Cicero, Pro Lege Manilia

LCL 198: 38-39

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aures imperatoris non ex proelio nuntius, sed ex 26sermone rumor adferret. Hic in illo ipso malo gravissimaque belli offensione L. Lucullus, qui tamen aliqua ex parte iis incommodis mederi fortasse potuisset, vestro iussu coactus, quod imperii diuturnitati modum statuendum vetere exemplo putavistis, partem militum, qui iam stipendiis confectis erant, dimisit, partem M’. Glabrioni tradidit. Multa praetereo consulto; sed ea vos coniectura perspicite, quantum illud bellum factum putetis, quod coniungant reges potentissimi, renovent agitatae nationes, suscipiant integrae gentes, novus imperator noster accipiat vetere exercitu pulso.

27X. Satis mihi multa verba fecisse videor, quare esset hoc bellum genere ipso necessarium, magnitudine periculosum; restat, ut de imperatore ad id bellum deligendo ac tantis rebus praeficiendo dicendum esse videatur.

Utinam, Quirites, virorum fortium atque innocentium copiam tantam haberetis, ut haec vobis deliberatio difficilis esset, quemnam potissimum tantis rebus ac tanto bello praeficiendum putaretis! Nunc vero cum sit unus Cn. Pompeius, qui non modo eorum hominum, qui nunc sunt, gloriam, sed etiam antiquitatis memoriam virtute superarit, quae res est, quae cuiusquam animum in hac causa dubium facere 28possit? Ego enim sic existimo, in summo imperatore quattuor has res inesse oportere, scientiam rei militaris, virtutem, auctoritatem, felicitatem. Quis igitur hoc homine scientior umquam aut fuit aut esse


On The Manilian Law

but the rumour of the countryside which brought the tidings of it to the general’s ears. Here in the26 very hour of disaster and of a most serious reverse, because you thought that, out of deference to old precedent, some limit should be set to his long tenure of command, Lucullus—a man who might perhaps have been able in some measure to repair these losses—was by your orders compelled to disband a part of his troops, who had served their time, and to hand over a part to Manius Glabrio. There is much that I leave out on purpose: you must supply the omission for yourselves and realize what magnitude this war must have attained when it is waged in concert by two most powerful kings, renewed by tribes in ferment, taken up by fresh nations and entrusted, after the defeat of the old army, to a new Roman general.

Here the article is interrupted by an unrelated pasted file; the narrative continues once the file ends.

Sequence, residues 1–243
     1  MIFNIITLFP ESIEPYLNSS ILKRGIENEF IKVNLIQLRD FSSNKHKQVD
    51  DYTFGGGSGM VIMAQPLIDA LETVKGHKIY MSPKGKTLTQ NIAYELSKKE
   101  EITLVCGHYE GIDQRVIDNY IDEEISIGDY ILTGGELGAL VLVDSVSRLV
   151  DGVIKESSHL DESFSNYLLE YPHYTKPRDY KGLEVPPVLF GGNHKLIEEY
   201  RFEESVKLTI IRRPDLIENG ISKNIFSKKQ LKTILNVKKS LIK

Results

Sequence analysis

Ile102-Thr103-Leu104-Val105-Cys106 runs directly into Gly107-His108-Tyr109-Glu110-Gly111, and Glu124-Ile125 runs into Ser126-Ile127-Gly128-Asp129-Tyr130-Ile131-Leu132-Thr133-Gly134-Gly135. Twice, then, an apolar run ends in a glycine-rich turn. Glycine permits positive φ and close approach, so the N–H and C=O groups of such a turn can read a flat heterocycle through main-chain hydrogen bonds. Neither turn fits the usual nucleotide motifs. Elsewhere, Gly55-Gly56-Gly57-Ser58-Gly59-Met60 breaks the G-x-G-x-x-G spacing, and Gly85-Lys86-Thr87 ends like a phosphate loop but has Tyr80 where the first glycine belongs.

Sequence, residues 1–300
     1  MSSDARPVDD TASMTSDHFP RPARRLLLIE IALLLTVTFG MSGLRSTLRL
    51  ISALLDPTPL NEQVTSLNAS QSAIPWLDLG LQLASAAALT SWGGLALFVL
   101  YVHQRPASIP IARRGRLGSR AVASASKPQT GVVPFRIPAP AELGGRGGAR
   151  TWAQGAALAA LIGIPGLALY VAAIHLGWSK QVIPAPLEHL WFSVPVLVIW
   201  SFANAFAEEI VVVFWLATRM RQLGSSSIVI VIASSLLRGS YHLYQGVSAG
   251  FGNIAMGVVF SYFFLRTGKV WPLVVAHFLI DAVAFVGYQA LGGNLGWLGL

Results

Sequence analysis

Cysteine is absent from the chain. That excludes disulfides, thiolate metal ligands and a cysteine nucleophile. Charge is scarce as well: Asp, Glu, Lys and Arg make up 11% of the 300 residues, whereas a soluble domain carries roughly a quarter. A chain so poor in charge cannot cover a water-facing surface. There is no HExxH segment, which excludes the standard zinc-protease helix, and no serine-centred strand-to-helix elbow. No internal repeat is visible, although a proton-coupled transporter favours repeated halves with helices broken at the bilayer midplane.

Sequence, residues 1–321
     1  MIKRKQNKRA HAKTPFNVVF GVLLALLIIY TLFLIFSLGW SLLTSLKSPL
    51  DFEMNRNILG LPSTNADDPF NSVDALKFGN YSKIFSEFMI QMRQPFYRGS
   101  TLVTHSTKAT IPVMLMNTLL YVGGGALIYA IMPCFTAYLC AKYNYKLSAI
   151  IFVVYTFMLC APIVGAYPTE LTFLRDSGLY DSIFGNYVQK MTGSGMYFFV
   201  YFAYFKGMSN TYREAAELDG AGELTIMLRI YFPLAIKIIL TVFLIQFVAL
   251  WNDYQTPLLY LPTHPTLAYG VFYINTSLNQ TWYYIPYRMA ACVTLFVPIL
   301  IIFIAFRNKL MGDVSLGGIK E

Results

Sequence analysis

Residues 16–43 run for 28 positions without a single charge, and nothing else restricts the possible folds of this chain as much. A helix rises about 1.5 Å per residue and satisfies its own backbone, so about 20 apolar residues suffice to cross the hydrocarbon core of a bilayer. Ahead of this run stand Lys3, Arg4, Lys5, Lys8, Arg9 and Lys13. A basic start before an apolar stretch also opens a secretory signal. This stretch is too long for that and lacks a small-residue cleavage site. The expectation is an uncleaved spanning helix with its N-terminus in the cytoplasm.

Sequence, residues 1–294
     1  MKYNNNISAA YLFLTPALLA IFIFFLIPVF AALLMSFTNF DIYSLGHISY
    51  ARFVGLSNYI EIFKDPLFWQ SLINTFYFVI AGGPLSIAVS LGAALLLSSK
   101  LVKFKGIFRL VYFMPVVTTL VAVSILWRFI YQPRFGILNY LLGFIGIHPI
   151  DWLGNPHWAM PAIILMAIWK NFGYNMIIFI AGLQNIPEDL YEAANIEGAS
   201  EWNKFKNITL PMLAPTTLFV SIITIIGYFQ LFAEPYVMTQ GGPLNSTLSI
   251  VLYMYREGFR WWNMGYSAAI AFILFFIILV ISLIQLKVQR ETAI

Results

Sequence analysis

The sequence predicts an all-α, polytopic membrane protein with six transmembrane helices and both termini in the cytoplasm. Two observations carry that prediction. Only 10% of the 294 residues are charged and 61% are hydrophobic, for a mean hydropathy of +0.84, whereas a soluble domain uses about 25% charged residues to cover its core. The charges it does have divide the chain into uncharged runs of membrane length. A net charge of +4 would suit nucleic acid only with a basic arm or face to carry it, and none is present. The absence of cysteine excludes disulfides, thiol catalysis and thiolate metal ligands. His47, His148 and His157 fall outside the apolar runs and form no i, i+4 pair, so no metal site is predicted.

X. I think I have said enough to show why this27 war is by its nature necessary and in its magnitude dangerous: it remains, I think, to speak of the choice of a general to direct the war and of his appointment to a command of such importance.

I only wish, gentlemen, that you had so large a supply of brave and upright men as to make it difficult for you now to decide whom to put in charge of these great issues and of this great war! But as it is, since Gnaeus Pompeius stands alone as one whose merit has surpassed in glory not only his contemporaries but even the annals of the past, what consideration exists such as to cause anyone to hesitate at this juncture? For I consider that28 a perfect general must possess four attributes—knowledge of warfare, ability, prestige, and luck. Who, then, ever possessed or had reason to possess

DOI: 10.4159/DLCL.marcus_tullius_cicero-pro_lege_manilia.1927